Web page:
LAUREL COUNTY, Ky. — Acting on his instinct to rescue a drowning couple during his Florida vacation last summer has brought a Laurel man local, state, and now national recognition.
Josh Weaver, a Laurel native, received notification that he has been nominated for the prestigious Carnegie Medal from the Carnegie Hero Fund Commission based in Pittsburgh, Pa.
The Carnegie Medal is presented to persons who sacrifice their lives for others. Founded in 1904 by business magnet Andrew Carnegie, the Commission was established following the Harwick mine disaster near Pittsburgh in January 1904. The explosion took the lives of 181 people, two of which were an engineer and a miner who went back inside to save others. Carnegie was touched by their story and set up the Commission to honor “outstanding acts of selfless heroism” in the United States and Canada.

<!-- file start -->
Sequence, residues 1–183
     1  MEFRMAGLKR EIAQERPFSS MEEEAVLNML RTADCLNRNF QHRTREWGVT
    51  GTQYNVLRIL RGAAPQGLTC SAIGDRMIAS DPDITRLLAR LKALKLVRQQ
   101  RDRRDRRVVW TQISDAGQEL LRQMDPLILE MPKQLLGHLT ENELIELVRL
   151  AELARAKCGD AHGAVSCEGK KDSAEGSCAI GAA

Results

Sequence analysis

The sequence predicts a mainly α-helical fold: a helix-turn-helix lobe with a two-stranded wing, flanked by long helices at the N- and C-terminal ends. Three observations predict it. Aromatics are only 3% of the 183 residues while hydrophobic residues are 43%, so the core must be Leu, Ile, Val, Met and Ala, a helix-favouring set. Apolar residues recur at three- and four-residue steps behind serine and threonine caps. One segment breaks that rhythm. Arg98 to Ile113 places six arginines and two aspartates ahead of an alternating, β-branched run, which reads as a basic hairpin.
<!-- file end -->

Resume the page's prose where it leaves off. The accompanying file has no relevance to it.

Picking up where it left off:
Only two other Kentuckians have been nominated for the award since its inception in 1904.
Weaver said he never dreamed his selfless act would draw so much attention and that he was honored by the various recognitions he has received.
It began with an article in The Sentinel-Echo on July 24, just days after Weaver risked his life to save an unknown couple from drowning. Then came stories on area TV stations and a letter from Gov. Steve Beshear.
When he received a letter from the Carnegie Hero Fund Commission, Weaver couldn’t believe all the recognition one single act had provoked.
“I never dreamed it would turn into this. When you hear of all the Carnegies’ have done — with the steel and working with John D. Rockefeller — and then you see a nomination from his foundation come to your mailbox, it’s amazing,” he said.
His story was found by researchers who look for key words in media outlets.
“They verified the story with WKYT and WLEX and the 21-member board all agreed to nominate me,” he added. “I’m honored by all this.”